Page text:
In this apocalyptic landscape I was unable find the footprints. I was either not looking in the right place, or they’d already been lost to the sea, and only existed as a plaster cast memory, carefully preserved in the vaults of the British Museum. As I turned back, uncertain whether or not to press on in my search, I noticed that I was parallel to the church tower, and I was struck by the realisation that one day it too would slide into the sea, joining the lost church of nearby Eccles below the waves, and that the mass graves would release the bones of the mariners, to be drowned once more in the cold northern waters and submerged in the silts and sandbanks. It occurred to me that the source of my unease on that flight some ten years earlier was the vertigo of deep time, the giddiness induced by standing on the edge, gazing back into the wrecks and footprints of the past, knowing full well that one day I too would step off into the void.

On Richard Jefferies’ Wild Life In A Southern County (Little Toller)

Wansdyke by Nick (Flickr Creative Commons licence)
Wansdyke by Nick (Flickr Creative Commons licence)

For the past two weeks I’ve been reading, or rather struggling through, Richard Jefferies’ Wild Life in a Southern County. This classic of nature writing was something I had been looking forward to reading, not least because the place it describes is not dissimilar to the chalk uplands close to my own childhood home. So why am I struggling so much with this book? Is it a problem with the writing or with me as a reader? I’m still trying to figure this out. Jeffries’ writing style can be intense. It is a bit like constantly looking at the world through magnifying glasses and binoculars. Detail piles on detail, and it seems as if nothing escapes his exacting gaze. Wild Life in a Southern County begins in the chalk downs and then follows the course of a stream through field and hedgerow, into a village, past a farmhouse, to an orchard, water meadows and an ash copse. The world evoked is one Jefferies knew well, that of a rural farming life that had barely changed in its traditions for centuries, but that was, in the 1870s, beginning feel the effects of an economy transformed by industrialisation. Jeffries takes care, not only to describe nature, but also people and the communities, charting their habits and behaviours much as he would do those of a rook or a starling. In this regard this book also reads somewhat like an early work of ethnography, describing the role of the tinker, the cobbler, and the millwright in village life. All well and good, perhaps?

There is much that beguiles. The description of a hawk’s flight in the opening chapter ‘Downs’, ‘partly on one side, like a skater sliding on the outer edge’,  or that of the starlings’ evening mummerations —‘a black streak shoots upwards, spreads like smoke, parts in two, and wheels round back into the firs again.’ There is a precision here that stems from long acquaintance with this environment. If this book forwards any thesis, it is that the natural world does not act out of a mere infallible instinct, but that it is instead intelligent in its experiments. It is a theme Jefferies returns to on a number of occasions, describing the manner with which a line of ants, when encountering a barrier that disrupts their journey, will scout about until they find a way to bypass the obstacle, or the way sand martins pecked and dug at the mortar of an old wall, before abandoning the site. Of the latter Jefferies concludes  that ‘the incident was clearly an experiment, and when they found it unsuccessful they desisted’.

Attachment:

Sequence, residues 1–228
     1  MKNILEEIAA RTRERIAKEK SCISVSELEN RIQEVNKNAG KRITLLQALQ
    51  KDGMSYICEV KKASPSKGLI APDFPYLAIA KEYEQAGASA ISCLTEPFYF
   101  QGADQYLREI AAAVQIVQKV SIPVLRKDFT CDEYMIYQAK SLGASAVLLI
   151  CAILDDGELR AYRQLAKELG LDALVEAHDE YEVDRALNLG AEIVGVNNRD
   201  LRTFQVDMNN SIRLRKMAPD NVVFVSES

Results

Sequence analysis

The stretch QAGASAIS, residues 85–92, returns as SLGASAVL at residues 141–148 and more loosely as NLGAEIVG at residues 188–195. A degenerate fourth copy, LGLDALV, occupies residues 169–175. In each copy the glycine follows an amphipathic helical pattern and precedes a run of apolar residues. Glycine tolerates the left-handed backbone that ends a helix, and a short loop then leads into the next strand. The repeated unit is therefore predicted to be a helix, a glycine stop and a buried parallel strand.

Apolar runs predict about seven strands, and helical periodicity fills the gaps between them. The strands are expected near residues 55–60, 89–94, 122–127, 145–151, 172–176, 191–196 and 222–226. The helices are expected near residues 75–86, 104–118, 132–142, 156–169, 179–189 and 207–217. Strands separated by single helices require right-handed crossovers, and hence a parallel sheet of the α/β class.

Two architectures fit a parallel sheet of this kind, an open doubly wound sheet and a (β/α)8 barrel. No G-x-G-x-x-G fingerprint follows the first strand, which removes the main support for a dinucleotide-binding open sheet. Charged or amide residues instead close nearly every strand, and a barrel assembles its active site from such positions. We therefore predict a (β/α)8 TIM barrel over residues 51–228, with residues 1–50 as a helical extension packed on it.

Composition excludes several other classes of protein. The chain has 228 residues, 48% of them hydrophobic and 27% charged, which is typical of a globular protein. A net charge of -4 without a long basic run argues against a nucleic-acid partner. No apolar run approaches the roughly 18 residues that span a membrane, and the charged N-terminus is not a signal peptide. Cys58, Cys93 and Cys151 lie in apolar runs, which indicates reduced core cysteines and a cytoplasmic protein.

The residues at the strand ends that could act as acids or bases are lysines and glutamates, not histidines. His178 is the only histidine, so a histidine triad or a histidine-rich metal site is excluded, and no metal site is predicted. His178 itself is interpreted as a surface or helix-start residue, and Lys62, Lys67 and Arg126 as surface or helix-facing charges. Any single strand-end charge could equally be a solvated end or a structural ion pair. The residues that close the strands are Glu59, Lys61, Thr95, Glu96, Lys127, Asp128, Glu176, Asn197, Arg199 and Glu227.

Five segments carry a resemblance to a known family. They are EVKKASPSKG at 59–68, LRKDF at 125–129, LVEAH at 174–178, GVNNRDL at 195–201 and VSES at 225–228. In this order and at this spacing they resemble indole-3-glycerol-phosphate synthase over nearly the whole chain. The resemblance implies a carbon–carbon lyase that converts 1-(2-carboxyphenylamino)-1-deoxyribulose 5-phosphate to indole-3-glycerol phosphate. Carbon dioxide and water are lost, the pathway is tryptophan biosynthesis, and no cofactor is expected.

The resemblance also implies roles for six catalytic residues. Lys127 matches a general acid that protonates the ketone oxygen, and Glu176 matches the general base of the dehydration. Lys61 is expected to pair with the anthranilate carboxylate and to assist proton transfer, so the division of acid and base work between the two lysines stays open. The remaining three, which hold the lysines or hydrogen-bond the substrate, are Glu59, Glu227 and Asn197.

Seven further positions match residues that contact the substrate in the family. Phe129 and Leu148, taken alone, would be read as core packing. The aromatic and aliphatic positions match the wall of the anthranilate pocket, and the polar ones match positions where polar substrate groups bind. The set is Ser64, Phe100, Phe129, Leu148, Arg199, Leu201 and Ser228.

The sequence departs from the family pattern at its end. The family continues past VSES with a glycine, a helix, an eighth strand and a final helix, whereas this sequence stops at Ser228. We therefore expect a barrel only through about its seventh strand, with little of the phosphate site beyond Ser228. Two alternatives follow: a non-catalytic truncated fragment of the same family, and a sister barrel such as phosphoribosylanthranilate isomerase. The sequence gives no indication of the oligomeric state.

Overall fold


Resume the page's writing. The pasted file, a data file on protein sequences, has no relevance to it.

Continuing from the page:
One of the recent criticisms cast at nature writing in the wake of the recent contemporary upsurge of the genre is that landscape resists and transcends language, so that nature writing is thus a somewhat anthropomorphising enterprise. I feel that this sort of criticism rather misses the point that Jefferies seems instinctively to understand, that man, and his language, are not alien to the landscape but are as much a part of nature as a blackbird and its song. ‘The song that the lark or finch must sing’ is for Jefferies an indication how ‘the sense of living —the consciousness of seeing and feeling— is manifestly intense in them all’ and so to for the shepherd lad playing ‘from his heart and to himself’ on his wooden whistle so that ‘his simple notes harmonise with the open plain, the looming hills, the ruddy sunset’. There is, of course, a romanticisation going on here, but one that favours man as part of, rather than opposed to, the natural world. Jefferies only seems to describe the natural world in relation to the working man, the labourer, and the fieldworker, whereas the gentleman farmers and rural elite are curiously absent from most of his observations. It would perhaps be unfair to accuse Jefferies of being the rural Mayhew, but there is a sense that the ‘backwoods of primitive England’ which he describes are an abstraction from the political reality of rural life during the long depression of the nineteenth century.

So why is it that I fail to fully engage with Jefferies? I think it is partly because Jefferies the individual rarely comes into focus in his writing. I found myself wanting to know a little more about his purpose, his background, some autobiographical revelations that would place his observations into a context. There is hardly anything of this, beyond occasional references to hunting the very animals he describes, which doesn’t exactly endear him to a twenty-first century reader. Perhaps we are now used to encountering books which seamlessly blur the generic boundaries of autobiography and nature writing in a manner that would have seemed alien to Jefferies. And so I find myself reluctantly admitting my own failure as a reader who has become spoiled by the gains made through literary experimentation.